And while BOB and I are certainly no academic slouches, thank G-d, SOB’s resume sparkled enough to blind Mom and Dad to BOB’s and my more checkered academic pedigrees.

I was never a Olympian, rock star, virtuoso of any kind.  I have never had big ideas.  I have never been famous or a household name (other than in my own).

But then, again, I have never had to go on a B-list celebrity reality show to regain prior glory, go on Oprah to confess and seek redemption from America’s daytime TV viewers.  I have never had to hang up my cleats or have people whisper about whether my best days are behind me (they probably are, but no one really cares enough to discuss it).  No one expects a near-fifty year-old woman to do a cartwheel, although I guess many do run marathons.

If you don’t climb up so far on the ladder, your fall is not as bad.  My new mantra of underachievement.

Words to age by.

Hope and Change

Yom Kippur ended just two hours ago.  Jews fast on Yom Kippur as a part of penance and as a sign of the solemnity of the Holy Day.  And as part of our petition to G-d to save our lives and inscribe us in the Book of Life for the coming year.

The fast is from sundown to sundown.  Actually, it is longer.  It starts when you last eat before you rush to synagogue to get good seats (our egalitarian synagogue does not have assigned seating) until you eat again the next night — at least 25 hours later, when there are three stars in the sky.  But really, this is New York.  You can’t see stars and you can’t immediately break the fast. First you have to push people into the street to steal the cab and make your way to your break-fast meal.  Because no time like the present to start sinning again and, if you are going to start, you need to do it in a spectacular way, like stealing that cab from people who, only minutes ago, you hugged and kissed and wished a happy and healthy Jewish New Year.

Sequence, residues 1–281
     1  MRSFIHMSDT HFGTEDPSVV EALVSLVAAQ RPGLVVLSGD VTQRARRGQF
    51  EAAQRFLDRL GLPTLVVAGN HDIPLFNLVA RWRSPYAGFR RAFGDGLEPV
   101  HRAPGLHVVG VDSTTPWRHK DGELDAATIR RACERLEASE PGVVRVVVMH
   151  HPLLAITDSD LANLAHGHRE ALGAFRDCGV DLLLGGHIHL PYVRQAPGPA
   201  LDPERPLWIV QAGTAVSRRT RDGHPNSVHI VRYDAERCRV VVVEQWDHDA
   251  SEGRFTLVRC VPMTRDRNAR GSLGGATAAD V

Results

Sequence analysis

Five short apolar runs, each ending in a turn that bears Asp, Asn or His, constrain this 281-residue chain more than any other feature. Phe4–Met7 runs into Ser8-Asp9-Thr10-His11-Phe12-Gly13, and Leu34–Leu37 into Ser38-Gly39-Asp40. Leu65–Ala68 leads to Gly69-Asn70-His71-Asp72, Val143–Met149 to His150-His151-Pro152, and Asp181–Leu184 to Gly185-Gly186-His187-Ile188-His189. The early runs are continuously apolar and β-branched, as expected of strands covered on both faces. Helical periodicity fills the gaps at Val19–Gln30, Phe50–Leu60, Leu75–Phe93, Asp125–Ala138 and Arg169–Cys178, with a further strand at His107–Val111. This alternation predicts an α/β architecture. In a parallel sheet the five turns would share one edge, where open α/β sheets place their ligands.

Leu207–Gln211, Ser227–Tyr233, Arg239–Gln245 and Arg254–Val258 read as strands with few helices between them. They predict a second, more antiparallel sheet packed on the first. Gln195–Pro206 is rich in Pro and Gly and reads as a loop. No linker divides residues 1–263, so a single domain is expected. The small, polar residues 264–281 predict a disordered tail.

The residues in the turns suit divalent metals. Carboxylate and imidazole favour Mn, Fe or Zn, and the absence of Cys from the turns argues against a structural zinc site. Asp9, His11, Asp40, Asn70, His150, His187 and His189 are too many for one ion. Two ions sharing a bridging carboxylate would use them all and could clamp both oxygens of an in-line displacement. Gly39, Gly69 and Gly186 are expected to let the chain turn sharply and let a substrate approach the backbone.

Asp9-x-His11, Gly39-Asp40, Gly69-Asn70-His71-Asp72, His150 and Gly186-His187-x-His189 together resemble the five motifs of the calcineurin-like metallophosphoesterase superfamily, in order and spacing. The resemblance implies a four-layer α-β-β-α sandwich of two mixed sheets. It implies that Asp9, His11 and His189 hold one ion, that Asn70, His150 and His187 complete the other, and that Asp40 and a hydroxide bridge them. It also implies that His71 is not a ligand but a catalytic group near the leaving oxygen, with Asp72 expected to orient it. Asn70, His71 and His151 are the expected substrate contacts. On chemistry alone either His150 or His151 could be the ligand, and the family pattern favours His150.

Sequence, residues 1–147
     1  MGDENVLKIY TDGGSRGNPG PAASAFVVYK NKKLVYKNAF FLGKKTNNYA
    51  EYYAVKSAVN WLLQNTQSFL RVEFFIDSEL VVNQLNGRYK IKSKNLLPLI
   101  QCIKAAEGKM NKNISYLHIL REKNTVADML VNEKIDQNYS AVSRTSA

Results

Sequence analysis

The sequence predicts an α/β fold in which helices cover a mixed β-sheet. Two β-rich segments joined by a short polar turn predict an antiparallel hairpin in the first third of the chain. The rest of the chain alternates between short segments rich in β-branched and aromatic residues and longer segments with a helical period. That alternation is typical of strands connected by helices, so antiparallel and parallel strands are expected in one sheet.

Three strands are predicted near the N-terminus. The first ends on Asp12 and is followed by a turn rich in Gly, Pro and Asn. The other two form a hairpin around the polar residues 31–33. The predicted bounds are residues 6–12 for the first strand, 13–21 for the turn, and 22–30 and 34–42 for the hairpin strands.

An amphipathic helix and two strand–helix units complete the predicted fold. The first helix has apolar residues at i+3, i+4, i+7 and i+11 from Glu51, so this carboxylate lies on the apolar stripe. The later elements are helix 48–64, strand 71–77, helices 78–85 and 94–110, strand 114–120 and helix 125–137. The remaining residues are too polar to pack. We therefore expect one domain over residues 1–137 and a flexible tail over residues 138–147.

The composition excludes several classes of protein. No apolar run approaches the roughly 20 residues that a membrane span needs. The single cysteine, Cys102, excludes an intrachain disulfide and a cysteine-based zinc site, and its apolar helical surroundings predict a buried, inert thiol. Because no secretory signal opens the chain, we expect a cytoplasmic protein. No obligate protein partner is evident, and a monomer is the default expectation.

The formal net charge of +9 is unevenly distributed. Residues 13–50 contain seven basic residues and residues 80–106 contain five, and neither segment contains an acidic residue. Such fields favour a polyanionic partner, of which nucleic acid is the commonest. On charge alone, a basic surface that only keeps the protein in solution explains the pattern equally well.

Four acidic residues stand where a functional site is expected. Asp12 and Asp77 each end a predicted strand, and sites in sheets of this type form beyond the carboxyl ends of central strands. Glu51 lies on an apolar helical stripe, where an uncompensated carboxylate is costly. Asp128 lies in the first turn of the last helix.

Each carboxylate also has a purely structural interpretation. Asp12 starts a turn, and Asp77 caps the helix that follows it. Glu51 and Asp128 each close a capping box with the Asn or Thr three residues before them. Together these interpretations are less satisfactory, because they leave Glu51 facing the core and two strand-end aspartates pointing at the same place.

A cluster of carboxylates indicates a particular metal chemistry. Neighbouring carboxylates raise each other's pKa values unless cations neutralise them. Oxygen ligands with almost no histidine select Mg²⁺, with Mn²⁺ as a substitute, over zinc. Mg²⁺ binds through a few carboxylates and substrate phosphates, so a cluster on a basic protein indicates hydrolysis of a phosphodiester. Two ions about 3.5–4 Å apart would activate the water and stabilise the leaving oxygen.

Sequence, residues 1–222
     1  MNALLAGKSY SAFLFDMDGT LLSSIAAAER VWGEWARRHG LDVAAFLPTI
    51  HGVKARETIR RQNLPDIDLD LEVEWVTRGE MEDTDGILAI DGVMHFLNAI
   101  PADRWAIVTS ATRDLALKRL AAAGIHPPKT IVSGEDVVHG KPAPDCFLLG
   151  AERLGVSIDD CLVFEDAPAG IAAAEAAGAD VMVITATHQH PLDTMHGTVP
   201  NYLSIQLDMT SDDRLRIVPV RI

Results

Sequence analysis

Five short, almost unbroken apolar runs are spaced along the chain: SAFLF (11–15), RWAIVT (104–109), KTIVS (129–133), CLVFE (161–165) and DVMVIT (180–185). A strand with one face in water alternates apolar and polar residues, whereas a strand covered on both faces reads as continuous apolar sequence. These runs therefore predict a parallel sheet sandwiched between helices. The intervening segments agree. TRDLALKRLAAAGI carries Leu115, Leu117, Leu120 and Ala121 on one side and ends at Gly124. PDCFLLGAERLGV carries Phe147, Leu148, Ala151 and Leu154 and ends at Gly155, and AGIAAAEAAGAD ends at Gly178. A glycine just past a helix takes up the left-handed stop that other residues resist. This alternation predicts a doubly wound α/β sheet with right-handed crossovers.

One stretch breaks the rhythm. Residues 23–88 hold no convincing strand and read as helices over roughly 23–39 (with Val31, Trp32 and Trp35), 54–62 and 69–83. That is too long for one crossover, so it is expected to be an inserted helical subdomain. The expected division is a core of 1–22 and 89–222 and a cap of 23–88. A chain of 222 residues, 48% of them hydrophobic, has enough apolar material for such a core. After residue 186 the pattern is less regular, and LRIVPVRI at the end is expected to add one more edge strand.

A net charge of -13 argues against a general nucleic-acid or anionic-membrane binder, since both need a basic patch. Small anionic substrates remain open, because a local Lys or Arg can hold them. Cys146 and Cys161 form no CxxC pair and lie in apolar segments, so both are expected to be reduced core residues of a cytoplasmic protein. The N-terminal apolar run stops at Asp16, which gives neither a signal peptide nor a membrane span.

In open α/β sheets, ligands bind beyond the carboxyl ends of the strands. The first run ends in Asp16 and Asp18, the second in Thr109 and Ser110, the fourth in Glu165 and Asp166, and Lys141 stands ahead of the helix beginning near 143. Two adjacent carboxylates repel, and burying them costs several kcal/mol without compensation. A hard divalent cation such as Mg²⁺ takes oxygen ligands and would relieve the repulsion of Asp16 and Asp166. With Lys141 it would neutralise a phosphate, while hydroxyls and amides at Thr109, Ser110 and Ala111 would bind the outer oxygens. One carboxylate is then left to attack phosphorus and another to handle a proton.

But, I digress.

SOS wanted to fast this year.  He is only 11 years-old and I was not a fan of his fasting so young.  He was determined, and at points during the day, miserable to be around.  But he was steadfast and resisted my entreaties to eat.  He spent the whole day in synagogue with us, until the Shofar (ram’s horn) blew at 8pm, ending the Holy Day and the fast.  We didn’t start eating until after 9pm.

As we walked to the restaurant for our break-fast meal, SOS said, “I won’t survive another minute!!”

“Sweetie, I promise you will.  You are hungry but you won’t expire.  Some people live like this.”

“E-Mom, do you know that there are so many kids like me who live in the City  and go to sleep hungry?  I have never felt this hungry before.  This is horrible.”

“Can you imagine being this hungry and going to sleep at night or having to go to school?”

SILENCE.

SOS gripped my hand tighter.

“We have to do something about this.”

HOPE AND DREAMS OF THE NEXT GENERATION.

Mother’s Day Weekend

Dear Mom:

I miss you and, just between us, Mother’s Day is really all about you.

But CLSFOB (camp/law school FOB) helped me reach an epiphany.  We were talking before the weekend (she, too, is a mom) and she wished me a happy Mother’s Day.

I, of course, responded:

“It is about my mom and she is gone.”

“Wow, so [SOS] doesn’t celebrate you or anything?  It is just a sad day?”

“Well, I didn’t mean it that way…”

SIDEBAR:  Ok, yes, yes, I did.

“But he should be able to celebrate!! Does he feel the heaviness?”

SIDEBAR: OK, CLSFOB, I get it.  Sheeeesh.  I should introduce you to SNOBFOB. 

“Move on, Counselor, you’ve made your point.”

I was getting testy because CLSFOB hit a chord.  But she was right.  

So, this weekend, I have tried to be more open to taking my position as MOM on Mother’s Day. And it feels good.  Ok, not so good, but better than I thought.  But I am not going to say that CLSFOB is right again.  Nope.  Not gonna do that.

To tell you the truth, I feel a little like a mom with Dad.  And I think SOB does, too.

I had the “Dad call” this weekend.  SOB was in the ICU and saving lives (just not ours).  So, I had lunch with Dad on Saturday and we all went to the Metropolitan Museum of Art today.

I chronicle the days so BOB and SOB feel like they were there.  The emails are entitled “This Day in Dad”:

“Dear [SOB] and [BOB]:

I had lunch with Dad today. Dad tried to hide those scam solicitations [that target the elderly] from me when I picked him up. But I commenced a search and rescue mission with critical help from [home aide]. I rescued Dad from an entire shopping bag’s worth of scams and shams. In the midst of the junk, there were important papers. Aaargh.

We may need new night people. They do nothing apparently and Dad cleans up after them. They don’t help him with personal hygiene. That’s a big part of the job.  But, I don’t know if I can deal with trying out new people.  I am tired just thinking about that process.

Worked up an appetite by the time we got to the Coffee Shop of the Undead. I ordered a large Greek salad and a hamburger deluxe and the waiter asked if we expecting another person. I replied that I am quite hungry and quite capable of finishing both before my companions finished their meals. I didn’t disappoint.